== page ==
Taiwan's new president was sworn in today, taking office under tremendous pressure to smooth out potentially explosive relations with China.

In his raspy voice, Chen Shui-bian faced the red, blue and white flag of the Republic of China, Taiwan's official name, and took the oath of office.

Chen, who at 49 is Taiwan's youngest president, is a former maritime lawyer who became involved in politics by defending democracy activists arrested during the island's repressive martial-law era, which ended in 1987 and gave way to a robust democracy.

The former Taipei mayor's stunning upset in the March 18 presidential election ended the Nationalist Party's five-decade-long control of Taiwan's presidency. He replaces retiring President Lee Teng-hui, Taiwan's first popularly elected leader.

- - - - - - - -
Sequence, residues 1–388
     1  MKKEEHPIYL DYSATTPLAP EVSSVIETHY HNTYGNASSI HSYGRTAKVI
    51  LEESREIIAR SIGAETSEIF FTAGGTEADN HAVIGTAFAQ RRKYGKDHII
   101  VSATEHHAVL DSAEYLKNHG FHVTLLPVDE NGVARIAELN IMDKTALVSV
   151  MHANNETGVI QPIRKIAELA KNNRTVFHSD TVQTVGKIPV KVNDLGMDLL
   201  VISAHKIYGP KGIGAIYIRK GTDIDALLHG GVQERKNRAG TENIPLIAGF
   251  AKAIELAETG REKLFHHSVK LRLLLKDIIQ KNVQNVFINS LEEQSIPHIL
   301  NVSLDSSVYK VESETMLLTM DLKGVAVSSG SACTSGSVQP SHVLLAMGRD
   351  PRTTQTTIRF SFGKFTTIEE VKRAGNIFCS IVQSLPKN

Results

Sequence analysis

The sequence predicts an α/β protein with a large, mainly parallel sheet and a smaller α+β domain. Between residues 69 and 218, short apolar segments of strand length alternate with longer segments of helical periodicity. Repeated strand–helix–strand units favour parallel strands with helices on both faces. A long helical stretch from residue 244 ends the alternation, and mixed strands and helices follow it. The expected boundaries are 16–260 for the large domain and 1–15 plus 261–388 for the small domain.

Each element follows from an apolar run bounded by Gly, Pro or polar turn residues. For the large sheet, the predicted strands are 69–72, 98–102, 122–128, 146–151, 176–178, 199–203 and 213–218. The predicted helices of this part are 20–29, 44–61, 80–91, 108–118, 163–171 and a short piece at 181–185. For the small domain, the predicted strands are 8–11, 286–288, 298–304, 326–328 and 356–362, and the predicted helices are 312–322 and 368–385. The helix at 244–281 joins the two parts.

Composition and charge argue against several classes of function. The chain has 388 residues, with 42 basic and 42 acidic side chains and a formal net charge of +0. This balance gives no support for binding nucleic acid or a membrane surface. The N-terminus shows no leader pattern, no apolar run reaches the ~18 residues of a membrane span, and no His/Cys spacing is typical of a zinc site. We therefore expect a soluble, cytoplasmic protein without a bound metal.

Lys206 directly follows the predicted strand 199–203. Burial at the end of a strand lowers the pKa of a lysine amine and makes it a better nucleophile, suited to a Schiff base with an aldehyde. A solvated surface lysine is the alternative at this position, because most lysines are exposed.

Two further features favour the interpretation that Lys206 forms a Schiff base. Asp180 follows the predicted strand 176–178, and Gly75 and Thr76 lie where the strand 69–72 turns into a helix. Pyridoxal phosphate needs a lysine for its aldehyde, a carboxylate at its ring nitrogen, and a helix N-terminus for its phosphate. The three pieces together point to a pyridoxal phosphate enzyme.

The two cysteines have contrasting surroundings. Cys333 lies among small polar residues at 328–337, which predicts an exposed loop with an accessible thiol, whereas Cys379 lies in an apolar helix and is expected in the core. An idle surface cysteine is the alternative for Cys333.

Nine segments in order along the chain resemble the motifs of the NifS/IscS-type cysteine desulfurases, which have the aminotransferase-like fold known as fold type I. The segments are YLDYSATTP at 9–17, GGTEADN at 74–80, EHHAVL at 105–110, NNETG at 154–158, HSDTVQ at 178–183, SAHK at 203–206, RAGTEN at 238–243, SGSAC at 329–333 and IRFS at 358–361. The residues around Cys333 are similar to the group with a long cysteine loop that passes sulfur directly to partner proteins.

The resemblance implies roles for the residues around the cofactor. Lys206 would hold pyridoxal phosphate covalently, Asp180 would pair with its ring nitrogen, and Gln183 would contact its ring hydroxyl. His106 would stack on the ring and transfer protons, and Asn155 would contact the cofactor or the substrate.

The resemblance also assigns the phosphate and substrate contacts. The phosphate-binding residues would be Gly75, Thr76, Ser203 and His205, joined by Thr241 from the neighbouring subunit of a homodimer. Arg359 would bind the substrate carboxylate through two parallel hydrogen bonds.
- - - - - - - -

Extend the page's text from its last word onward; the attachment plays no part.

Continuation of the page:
Chen faces the delicate task of smoothing potentially explosive relations with China. SIERRA LEONE Security Council orders more troops into country

The Security Council decided Friday to add 2,000 soldiers to the U.N. force in Sierra Leone, where hundreds of U.N. peacekeepers have been held by rebels for more than two weeks.

As the council considered further moves to reinforce the mission, it unanimously adopted a resolution expanding the 11,100-strong force to 13,000 to allow for troops that India, Bangladesh and Jordan have promised will arrive in the next few days.

Meanwhile, Secretary-General Kofi Annan was preparing to recommend an even greater increase - to as many as 16,500 - to bolster the force as it tries to salvage Sierra Leone's peace process, officials said. GRAPHIC: PHOTO Photo from THE ASSOCIATED PRESS - Chamnan Eung paints figures in the Lam Bi Ni garden at the Vietnamese Buddhist Association of Memphis and Vicinity on Thursday in Memphis, Tenn. In the foreground is Baby Buddha. In commemoration of Buddha's teachings, Ngoc Phuoc Temple will hold its annual Buddha's birthday celebration Sunday.